With the attention largely on the great power race to gain influence in the region, another balance of power is going unnoticed, if not ignored – the gender imbalance of political power in the Pacific.
Like Prime Ministers before her, Jacinda Arden’s address at the Lowy Institute earlier this year positioned Aotearoa New Zealand as having an independent foreign policy. While the great powers position themselves for maximum leverage in the Pacific, this foreign policy approach allows New Zealand to focus on practical actions that promotes its values, independent of the geo-political context.
Maintaining this independence is by no means easy. Arden’s government, like other small states, finds itself increasingly caught between US-China geo-political tensions in the Pacific. This means, navigating a balancing act between continuing economic relations with China and increasing strategic partnerships with the US.
With its principled approach that looks to strengthen the international rules-based order as well as its place in the Pacific, working to address Pacific women’s political representation, one of the lowest in the world, is clearly a space New Zealand’s foreign policy can contribute to.
Pacific gender imbalance problem
The situation of women’s political representation in Pacific Island countries is starting from a low base with a long way to go.
As of 2021, only 8.6 per cent of women hold parliamentary seats in the Pacific, and only two women have been heads of government, Samoa’s current Prime Minister Fiamē Naomi Mata’afe and the Republic of Marshall Islands’ former president Hilda Heine.
Countries with higher rates of gender equality are generally more stable and prosperous. That seems self-evident when you do the math and include half of a population into social, economic and political processes.
Papua New Guinea’s recent elections showcase the gender disparity in politics. Overall, only nine women have ever been elected to its parliament. Rufina Peter and Kessy Sawang are the only female candidates to win a seat in parliament in the recent election and only 4.5 per cent of candidates were women
As of 2022, only three countries have more than 10 per cent of women represented in their parliament, and in the last decade, five countries have stagnated or gone backwards. For example, Tonga currently has no female representatives in parliament and only six women have been elected since 1951.
So, why are so few women in positions of political power?
Obstacles to women’s political participation are complex. Colonial legacies of male leadership, exclusionary customs, and patriarchal socio-cultural norms are major contributing factors. Research also shows that gender stereotypes play a big role in women’s political exclusion at the ballot box.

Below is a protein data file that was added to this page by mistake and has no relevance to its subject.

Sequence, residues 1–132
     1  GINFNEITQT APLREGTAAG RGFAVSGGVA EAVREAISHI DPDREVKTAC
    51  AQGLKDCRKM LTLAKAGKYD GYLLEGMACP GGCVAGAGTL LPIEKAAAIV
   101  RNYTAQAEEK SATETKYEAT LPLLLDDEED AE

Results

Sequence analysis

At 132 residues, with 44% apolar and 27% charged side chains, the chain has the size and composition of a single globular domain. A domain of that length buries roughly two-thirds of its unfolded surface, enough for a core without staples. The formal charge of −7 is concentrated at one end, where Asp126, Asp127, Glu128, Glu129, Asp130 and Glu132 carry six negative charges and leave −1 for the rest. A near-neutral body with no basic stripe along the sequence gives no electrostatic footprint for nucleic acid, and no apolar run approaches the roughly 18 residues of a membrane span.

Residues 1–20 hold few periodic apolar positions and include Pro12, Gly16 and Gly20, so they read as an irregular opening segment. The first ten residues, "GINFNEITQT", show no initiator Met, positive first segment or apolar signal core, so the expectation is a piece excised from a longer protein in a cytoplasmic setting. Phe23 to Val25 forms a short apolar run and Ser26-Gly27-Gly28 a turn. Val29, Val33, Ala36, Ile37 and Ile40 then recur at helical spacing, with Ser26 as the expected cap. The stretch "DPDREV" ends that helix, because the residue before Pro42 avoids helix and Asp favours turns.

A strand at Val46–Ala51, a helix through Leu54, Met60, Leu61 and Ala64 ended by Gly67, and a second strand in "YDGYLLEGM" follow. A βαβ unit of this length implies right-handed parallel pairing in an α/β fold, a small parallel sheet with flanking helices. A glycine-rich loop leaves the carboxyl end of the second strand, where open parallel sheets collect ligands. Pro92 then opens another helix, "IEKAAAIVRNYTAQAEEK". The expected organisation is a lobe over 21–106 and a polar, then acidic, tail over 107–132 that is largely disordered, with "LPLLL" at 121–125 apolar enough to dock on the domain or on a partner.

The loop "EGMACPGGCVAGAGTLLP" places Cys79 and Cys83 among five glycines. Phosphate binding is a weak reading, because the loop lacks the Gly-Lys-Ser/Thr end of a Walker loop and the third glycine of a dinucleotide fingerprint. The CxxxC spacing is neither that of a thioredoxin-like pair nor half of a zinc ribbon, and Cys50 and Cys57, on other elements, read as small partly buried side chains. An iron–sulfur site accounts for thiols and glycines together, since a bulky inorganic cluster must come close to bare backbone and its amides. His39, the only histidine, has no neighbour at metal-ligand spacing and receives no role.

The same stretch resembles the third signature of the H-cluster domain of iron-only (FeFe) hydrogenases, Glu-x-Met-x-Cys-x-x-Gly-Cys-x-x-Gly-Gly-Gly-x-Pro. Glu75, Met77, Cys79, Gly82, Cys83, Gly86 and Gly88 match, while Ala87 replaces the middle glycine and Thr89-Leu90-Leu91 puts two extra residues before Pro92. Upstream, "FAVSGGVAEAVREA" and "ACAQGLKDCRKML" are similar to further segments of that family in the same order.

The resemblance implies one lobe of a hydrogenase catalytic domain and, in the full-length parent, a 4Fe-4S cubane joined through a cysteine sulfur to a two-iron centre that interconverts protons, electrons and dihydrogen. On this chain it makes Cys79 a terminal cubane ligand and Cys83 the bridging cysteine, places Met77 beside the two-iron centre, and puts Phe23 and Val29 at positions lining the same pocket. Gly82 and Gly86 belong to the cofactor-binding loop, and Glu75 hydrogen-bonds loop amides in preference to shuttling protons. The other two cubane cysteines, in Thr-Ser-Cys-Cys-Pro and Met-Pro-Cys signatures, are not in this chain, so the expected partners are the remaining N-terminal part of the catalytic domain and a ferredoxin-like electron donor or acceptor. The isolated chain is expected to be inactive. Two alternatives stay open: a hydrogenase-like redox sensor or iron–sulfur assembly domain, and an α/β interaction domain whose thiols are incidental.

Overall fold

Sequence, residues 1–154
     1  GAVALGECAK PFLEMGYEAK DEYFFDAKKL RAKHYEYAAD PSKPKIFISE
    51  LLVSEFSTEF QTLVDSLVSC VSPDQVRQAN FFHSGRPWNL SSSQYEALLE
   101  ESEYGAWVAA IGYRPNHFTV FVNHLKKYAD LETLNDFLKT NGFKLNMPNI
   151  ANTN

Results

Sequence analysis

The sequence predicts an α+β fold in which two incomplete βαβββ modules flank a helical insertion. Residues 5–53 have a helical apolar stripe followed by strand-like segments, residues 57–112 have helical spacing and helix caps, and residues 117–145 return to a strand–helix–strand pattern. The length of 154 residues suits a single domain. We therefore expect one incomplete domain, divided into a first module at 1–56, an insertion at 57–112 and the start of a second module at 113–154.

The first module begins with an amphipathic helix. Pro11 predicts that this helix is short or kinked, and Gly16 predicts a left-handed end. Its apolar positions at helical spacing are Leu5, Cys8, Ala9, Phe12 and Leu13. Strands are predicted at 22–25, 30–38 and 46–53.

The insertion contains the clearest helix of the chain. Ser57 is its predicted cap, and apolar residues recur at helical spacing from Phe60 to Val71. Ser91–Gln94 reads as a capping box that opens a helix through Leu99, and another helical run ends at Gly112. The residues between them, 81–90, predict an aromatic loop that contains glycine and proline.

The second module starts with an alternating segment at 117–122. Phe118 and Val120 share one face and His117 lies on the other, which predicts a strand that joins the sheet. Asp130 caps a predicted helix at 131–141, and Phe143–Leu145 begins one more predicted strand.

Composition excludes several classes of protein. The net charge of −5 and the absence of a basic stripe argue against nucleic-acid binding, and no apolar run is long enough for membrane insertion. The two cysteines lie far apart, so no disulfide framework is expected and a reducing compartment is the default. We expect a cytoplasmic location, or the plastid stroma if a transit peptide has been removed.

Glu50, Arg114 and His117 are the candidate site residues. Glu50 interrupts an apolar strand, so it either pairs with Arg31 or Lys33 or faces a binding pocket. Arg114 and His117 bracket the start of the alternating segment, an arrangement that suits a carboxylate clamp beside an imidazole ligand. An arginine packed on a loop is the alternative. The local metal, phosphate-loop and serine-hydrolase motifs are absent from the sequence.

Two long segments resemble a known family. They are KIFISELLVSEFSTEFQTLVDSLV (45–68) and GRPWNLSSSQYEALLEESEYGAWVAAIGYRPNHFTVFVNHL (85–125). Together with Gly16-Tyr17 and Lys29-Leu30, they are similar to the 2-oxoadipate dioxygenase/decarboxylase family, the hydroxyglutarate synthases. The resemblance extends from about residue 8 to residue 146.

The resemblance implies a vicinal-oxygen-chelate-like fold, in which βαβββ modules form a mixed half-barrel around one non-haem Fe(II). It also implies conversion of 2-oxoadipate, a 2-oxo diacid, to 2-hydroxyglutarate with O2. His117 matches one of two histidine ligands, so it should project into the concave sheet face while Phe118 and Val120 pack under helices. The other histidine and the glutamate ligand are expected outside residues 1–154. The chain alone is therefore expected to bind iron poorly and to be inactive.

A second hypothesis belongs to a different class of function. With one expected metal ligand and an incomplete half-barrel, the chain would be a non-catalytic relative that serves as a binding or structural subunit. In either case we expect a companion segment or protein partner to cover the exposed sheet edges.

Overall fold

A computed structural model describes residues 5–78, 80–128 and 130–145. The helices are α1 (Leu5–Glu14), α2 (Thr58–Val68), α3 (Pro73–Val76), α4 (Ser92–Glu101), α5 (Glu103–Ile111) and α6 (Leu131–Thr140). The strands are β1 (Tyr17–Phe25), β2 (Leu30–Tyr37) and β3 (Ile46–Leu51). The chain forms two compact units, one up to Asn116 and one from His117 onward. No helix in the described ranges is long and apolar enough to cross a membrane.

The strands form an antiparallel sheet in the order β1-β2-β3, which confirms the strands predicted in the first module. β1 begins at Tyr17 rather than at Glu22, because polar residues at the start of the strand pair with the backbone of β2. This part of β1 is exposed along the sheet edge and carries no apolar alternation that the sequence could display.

Gender state of play
On paper, gender equality is a clear priority for the region. In August 2012, the Pacific Islands Forum released the Pacific Leaders Gender Equality Declaration which recognised the social and economic cost of gender inequality. One of the goals of the Declaration was to increase women’s political representation. A decade on, the Forum’s recently announced 2050 Strategy for the Blue Pacific Continent also strives for gender equality in the region, seeking to “empower women to be active participants in economic, political and social life.”
Despite this intention setting, progress has been slow and, in many areas, there has been no impact, such as getting more women into politics. For example, Pacific women’s political representation has only increased by roughly 4 per cent in the past two decades.
At this year’s inaugural Pacific Island Forum Women Leaders Meeting, Fiamē Naomi Mata’afe signalled that the Pacific must move from rhetoric to action. The women leaders committed to revitalising the Declaration and updating its ambitions and actions to address gender inequality in the region.
Practical values-aligned foreign policy
Arden’s recent foreign policy address provides the country with an opportunity to untangle itself from the geopolitical struggle and focus on more values-aligned practical initiatives such as promoting gender equality as a regional priority.
Aotearoa New Zealand already has a track record. It has funded several UN-led projects to boost women’s political representation in the Pacific. Last year, it launched a new Gender Action Plan 2021-2025, announced an Ambassador for Gender Equality in the Pacific, and recently committed $12.6 million to support gender equality in Fiji.
Building on this work, New Zealand should be positioning itself as a gender champion, alongside our Pacific partners and continuing its efforts to support Pacific women’s political leadership.
It can do so by building partnerships with pacific NGOs, joining forces with Australia on its gender promotion initiatives, funding pacific-led projects to support women’s entry into politics, and championing gender quotas in parliaments.
Addressing the gender imbalance of political power in the Pacific is one of the ways Aotearoa New Zealand can realise its independent foreign policy.